Seminar | November 18 | 11:10 a.m.-12:30 p.m. | 489 Minor Hall
Eli Peli, Harvard Medical School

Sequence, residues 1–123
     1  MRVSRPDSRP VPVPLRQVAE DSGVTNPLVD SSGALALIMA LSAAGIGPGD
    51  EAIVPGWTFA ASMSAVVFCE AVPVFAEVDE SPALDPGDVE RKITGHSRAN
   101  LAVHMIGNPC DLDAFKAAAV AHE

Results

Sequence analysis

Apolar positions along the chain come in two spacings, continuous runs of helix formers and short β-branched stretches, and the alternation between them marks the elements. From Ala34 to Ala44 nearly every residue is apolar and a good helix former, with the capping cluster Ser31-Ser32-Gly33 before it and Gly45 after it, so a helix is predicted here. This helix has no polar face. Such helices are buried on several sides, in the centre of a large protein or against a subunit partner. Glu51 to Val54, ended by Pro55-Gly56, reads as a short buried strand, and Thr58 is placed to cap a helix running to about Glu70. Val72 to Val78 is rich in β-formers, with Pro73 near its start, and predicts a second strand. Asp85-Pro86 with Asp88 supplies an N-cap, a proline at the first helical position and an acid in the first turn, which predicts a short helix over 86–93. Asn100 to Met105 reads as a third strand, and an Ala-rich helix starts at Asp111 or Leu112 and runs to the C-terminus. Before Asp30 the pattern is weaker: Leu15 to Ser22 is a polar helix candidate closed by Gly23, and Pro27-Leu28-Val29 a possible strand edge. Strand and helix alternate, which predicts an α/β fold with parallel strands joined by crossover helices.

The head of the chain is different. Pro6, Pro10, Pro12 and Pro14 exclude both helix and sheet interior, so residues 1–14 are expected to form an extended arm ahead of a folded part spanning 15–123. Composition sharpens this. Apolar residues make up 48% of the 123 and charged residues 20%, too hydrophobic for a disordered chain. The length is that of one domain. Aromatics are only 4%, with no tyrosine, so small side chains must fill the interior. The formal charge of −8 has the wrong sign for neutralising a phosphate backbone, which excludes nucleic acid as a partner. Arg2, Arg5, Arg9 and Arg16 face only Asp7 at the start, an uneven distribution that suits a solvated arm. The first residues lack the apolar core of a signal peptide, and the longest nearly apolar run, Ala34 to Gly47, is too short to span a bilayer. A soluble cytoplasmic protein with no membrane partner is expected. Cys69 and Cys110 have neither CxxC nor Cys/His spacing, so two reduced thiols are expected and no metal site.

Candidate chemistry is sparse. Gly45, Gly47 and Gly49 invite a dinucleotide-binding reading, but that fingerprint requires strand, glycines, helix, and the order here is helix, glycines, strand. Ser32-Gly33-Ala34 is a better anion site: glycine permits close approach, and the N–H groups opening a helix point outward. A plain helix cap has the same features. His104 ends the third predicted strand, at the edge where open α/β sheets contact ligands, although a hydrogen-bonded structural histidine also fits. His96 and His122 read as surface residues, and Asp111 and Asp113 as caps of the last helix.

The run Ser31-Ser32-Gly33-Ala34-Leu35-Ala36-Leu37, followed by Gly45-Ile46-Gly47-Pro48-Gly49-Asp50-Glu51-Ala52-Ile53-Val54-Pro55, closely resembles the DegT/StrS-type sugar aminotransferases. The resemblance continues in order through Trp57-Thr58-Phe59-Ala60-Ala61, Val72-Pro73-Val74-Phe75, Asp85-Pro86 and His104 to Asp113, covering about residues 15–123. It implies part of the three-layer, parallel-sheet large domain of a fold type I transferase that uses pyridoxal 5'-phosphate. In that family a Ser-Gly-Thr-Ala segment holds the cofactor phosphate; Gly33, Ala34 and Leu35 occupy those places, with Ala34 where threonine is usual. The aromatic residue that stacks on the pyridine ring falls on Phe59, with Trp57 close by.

Could we develop more effective field expansion devices if we better understood the nature and impact of field loss? No proof of that, but Id like to think so. Simulations have been a major tool in trying to understand the nature and impact of the loss. Most simulations of field loss found in textbooks, websites, and scientific papers are wrong; they do not represent what patients perceive. Ill argue that the wrong simulations are the result of: the difficulty in representing the dynamic visual process with static images; the difficulty in illustrating lack of vision; and confusing the field diagram with the perception. The wrong simulations and misunderstanding they promote persist due to paucity of attempts to verify the simulations, which would have rejected them. We will consider all these issues with regards to the many types of field losses, including: Retinal field loss (photoreceptors or ganglion cells loss); physiological (nerve head) scotoma; acute monocular vision loss; chiasmal and post chiasmal lesions; device scotomata (field obscuration and optical scotomata); binocular scotomata and the interaction of scotomata with eye movements. I will conclude with novel illustration of the appearance of pericentral scotomata and the impact of saccadic suppression on the perception with such scotomata despite substantial spatial distortions.